Is there something about the slight shift in 'The New York Times' coverage of North Korea that we should know?
NYT in stories, analyses, and editorials has walked lockstep with hard line US policy.
Well, today, it has a 'pictorial essay' of North Koreans at a football match, well dressed students descending a stair well, and a reveler in a night club at a Kumgang san [Diamond Mountain] hotel having a swell time at karaoke.
A few weeks ago, the Grey Lady of American journalism was warning in an editorial of the dangers of North Korea's reckless nuclear programme, as well as its intransigence in boycotting the six party talks in Beijing. And then, there are the articles filed from Seoul, of the DPRK's collapse, famine, lack of hard currency, and so on.
Is the NYT now telling us of a softening of the Obama administration's tack? Maybe the decision of the hard line government of South Korea's president Lee Myung bak to deliver much needed medical supplies to the North is a clue?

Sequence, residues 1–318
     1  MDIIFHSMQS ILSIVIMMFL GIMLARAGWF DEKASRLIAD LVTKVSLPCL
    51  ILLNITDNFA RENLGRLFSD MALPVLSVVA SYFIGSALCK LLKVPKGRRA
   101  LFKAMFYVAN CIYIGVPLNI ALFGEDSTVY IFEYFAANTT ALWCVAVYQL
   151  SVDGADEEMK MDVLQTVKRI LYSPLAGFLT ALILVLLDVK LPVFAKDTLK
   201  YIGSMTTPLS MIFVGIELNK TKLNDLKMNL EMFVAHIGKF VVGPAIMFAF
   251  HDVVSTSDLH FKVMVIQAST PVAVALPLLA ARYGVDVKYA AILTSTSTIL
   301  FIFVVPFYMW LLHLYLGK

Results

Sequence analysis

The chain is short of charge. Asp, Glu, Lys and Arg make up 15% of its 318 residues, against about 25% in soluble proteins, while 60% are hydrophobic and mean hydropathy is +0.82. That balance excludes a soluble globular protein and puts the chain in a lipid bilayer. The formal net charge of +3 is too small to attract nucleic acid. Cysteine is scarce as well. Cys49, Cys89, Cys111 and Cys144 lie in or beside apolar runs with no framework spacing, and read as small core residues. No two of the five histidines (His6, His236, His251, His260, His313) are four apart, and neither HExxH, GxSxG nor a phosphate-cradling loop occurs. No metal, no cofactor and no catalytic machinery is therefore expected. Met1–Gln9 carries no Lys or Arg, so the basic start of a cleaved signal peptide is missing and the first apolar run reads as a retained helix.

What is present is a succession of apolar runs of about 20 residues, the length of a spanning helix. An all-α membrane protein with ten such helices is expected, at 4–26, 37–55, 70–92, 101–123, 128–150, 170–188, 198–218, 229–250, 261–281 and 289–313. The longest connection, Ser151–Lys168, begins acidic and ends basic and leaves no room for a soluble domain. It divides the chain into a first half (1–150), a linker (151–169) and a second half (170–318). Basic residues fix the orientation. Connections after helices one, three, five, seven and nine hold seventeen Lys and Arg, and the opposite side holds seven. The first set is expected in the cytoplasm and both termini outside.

Lee is a fierce adversary of Kim Jong il, and a self styled fancier of pushing the North Korean leader to the edge of war, if not starvation, and regime collapse. Ironically, the ROK leader's strategy backfired when he and the US conducted war exercises with live ammo within spitting distance of North Korea's territorial waters in the Northern Limit Line in November 2010. The saber rattlers' shells landed in the DPRK which riposted hitting an ROK military base on Yeongpyeong island. That moment of braggadocio gave Obama food for thought. The US was unwilling to restart the quiescent 67 year old Korean War and stayed Lee's plans for more military exercises. Washington was in no mood for a third war in Asia, nor would China nor Russia stand for it.
So what's happening at the present moment? Will Obama deliver on his promise of us$900 million in food aid, in order the relieve famine in the DPRK? Will there be an announcement of a reprise of talks in Beijing?
GuamDiary cannot say for sure. Nonetheless, it keeps an alert eye open.
Once before the US and the world had a more sympathetic and nuanced appreciation of the DPRK in February 2009. At that time, the New York Philharmonic Orchestra preformed an all 'American' programme in Pyongyang, to much acclaim. The good will that the event displayed had the half life of a yet unknown element, and then nothing but the same old hard cheese of US foreign policy urged on by the hardliners among the US North Korean clerisy.
Is another opening on the horizon?